Indiana behemoth Roy Hibbert edges out New Orleans' unibrowed phenomenon by 0.07 for league-leading status in the blocks per game department, with the Pelicans' #23 deflecting 3.86 shots per game, on average. In addition to this, Davis is bunkering down in the paint at a level good enough for top five in the NBA (of eligible big men boasting steady minutes), minimising the conversion of opposing teams' shots at the rim to 42.5%. He is also inhaling rebounds in contested situations at a click superior to that of prolific glass-eaters such as Kevin Love and Dwight Howard, claiming boards in 45.3% of these cases, according to publicly available player tracking information. Assessing how he fares in a variety of front court tandems, though, carries certain value. It is perhaps most prudent to focus on the period in which Anderson has factored in - albeit a very limited one - due to the reality that NOLA were exposing the likes of Lou Amundson, Jeff Withey, and Greg Stiemsma to disproportionate minutes with the stretch four-man absent. Once again, the 2014 window of evidence is minute, but in terms of strategy, the proof is in the pudding: the Anderson-Davis duo is scoring at a handsome number, but is ultimately conceding 102.5 points per 100 possessions, per numbers. On the season last year, over a 61 game span, the twosome's defensive reality was even more daunting, giving away 113.0 points by the same measurement. With this in mind, it becomes easier to understand why an Omer Asik-Ryan Anderson exchange has swiftly grown into one of the Internet's favourite imaginary trades. The thought of regularly aligning Anthony Davis with a true ball-stopping, intimidating low-post body must leave the other 29 teams shuddering. Alas, the Pelicans appear keen to latch their bills onto Anderson's canny and bountiful game, trusting their ability to plug the holes of the remaining minutes holes with one-sided, stopgap bigs.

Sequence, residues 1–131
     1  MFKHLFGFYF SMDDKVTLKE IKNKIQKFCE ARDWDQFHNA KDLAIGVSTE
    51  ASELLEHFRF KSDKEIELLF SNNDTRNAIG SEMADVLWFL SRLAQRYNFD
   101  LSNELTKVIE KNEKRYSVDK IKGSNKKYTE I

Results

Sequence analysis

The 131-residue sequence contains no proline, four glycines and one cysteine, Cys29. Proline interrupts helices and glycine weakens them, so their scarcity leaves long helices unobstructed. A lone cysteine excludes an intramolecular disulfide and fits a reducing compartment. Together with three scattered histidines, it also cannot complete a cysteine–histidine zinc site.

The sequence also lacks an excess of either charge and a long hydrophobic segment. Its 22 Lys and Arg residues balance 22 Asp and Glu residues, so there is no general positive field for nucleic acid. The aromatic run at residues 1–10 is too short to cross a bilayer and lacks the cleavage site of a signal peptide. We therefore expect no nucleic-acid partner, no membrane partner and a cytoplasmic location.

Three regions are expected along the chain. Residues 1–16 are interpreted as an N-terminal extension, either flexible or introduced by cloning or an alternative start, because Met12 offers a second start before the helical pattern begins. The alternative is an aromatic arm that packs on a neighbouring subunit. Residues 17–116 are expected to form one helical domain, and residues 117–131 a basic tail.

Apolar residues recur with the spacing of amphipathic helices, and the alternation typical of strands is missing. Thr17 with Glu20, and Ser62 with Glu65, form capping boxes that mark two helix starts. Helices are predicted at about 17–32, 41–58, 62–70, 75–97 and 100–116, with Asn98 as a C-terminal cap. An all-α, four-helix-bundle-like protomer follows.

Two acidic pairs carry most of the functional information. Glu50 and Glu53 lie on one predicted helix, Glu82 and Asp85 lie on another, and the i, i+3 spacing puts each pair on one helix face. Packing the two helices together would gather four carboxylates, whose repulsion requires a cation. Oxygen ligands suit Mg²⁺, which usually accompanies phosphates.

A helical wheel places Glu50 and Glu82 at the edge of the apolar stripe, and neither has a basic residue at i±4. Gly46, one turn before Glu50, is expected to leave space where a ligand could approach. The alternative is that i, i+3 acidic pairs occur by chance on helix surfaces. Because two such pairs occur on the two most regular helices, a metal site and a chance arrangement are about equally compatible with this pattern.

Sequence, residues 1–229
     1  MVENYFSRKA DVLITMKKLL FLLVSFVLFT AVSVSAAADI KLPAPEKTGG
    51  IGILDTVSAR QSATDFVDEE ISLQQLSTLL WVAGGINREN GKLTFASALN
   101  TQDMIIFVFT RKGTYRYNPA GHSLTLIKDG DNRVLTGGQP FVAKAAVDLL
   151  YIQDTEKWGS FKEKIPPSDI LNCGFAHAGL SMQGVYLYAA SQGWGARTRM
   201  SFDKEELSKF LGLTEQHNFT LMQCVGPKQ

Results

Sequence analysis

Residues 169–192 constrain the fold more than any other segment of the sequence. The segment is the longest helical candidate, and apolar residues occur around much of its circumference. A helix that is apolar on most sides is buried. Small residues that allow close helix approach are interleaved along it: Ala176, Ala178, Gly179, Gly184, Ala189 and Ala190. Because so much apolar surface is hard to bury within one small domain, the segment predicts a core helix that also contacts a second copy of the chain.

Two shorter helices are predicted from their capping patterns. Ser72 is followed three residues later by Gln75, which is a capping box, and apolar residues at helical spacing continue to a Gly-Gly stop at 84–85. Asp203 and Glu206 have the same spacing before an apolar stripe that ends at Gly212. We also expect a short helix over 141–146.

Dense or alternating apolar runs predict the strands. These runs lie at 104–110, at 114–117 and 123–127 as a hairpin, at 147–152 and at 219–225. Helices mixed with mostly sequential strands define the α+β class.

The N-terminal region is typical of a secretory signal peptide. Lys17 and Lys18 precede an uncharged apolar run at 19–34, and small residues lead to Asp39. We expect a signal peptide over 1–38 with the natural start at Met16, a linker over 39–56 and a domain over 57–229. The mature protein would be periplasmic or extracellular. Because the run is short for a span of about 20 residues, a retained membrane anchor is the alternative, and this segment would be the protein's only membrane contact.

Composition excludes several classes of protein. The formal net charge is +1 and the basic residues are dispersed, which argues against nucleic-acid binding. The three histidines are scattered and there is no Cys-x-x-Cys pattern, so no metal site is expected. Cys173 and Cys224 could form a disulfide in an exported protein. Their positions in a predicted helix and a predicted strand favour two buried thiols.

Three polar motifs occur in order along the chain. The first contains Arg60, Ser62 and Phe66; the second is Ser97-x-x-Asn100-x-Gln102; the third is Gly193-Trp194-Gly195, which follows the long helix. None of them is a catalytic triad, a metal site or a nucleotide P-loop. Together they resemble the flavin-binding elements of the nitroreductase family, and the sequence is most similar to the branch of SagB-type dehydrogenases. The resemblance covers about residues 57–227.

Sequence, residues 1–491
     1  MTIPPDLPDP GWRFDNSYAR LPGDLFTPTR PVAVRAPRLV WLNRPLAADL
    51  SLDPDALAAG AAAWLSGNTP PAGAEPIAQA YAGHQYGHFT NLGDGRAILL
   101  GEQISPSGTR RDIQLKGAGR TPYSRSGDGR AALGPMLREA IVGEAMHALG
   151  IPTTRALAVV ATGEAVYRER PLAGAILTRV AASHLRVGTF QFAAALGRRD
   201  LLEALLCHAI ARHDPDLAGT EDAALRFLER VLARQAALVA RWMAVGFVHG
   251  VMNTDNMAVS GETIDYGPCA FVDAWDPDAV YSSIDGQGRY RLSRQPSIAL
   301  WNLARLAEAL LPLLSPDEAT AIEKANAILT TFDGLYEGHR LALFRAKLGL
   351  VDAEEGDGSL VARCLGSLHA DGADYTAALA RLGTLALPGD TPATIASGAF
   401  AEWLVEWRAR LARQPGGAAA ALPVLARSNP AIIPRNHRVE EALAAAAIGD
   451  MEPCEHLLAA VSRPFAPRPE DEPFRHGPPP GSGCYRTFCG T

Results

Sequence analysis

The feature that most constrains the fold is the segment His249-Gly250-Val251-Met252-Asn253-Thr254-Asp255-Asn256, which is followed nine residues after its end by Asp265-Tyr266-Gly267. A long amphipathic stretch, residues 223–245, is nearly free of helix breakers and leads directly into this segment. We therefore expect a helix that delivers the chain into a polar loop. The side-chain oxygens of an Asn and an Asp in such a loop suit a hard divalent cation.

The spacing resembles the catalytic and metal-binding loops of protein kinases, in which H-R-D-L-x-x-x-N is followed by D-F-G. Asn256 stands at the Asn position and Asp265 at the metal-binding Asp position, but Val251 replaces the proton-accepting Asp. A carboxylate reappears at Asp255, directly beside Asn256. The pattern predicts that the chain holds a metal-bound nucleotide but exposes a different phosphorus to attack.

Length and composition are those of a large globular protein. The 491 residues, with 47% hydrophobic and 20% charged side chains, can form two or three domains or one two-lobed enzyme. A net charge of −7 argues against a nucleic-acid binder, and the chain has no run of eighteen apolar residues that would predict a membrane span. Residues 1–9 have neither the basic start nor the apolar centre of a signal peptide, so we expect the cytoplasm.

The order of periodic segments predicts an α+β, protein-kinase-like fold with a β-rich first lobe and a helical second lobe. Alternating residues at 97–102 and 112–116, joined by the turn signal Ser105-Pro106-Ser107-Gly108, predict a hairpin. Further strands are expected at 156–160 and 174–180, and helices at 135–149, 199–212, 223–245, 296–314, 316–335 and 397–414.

The early season demonstrations of Davis have contributed to frequent player comps in the public domain, most notably with some seeing a resemblance between him and a youthful Kevin Garnett. High praise, no doubt, and reflective of the way in which Anthony Davis has captivated the attention of the NBA universe in this relatively young campaign. Unfortunately for New Orleans, their roster isn't comprised of thirteen Anthony Davis', and they are currently staring at a sub-.500 record, with a bevy of balancing issues. Of foremost concern for the Pelicans franchise would be the fact that their 6-8 mark comes after a 25th placing in the "Strength of Schedule" standings (ranking at .473), meaning that there's an inevitable uphill stretch from here. For the casual observer and those seen as strictly Davis admirers, though, it might just be best to heed the advice of Tony Montana from here on out, and look at the Pelican fly.

1 comment:

  1. Great article on 'Brows Davis, the dude is a defensive nightmare.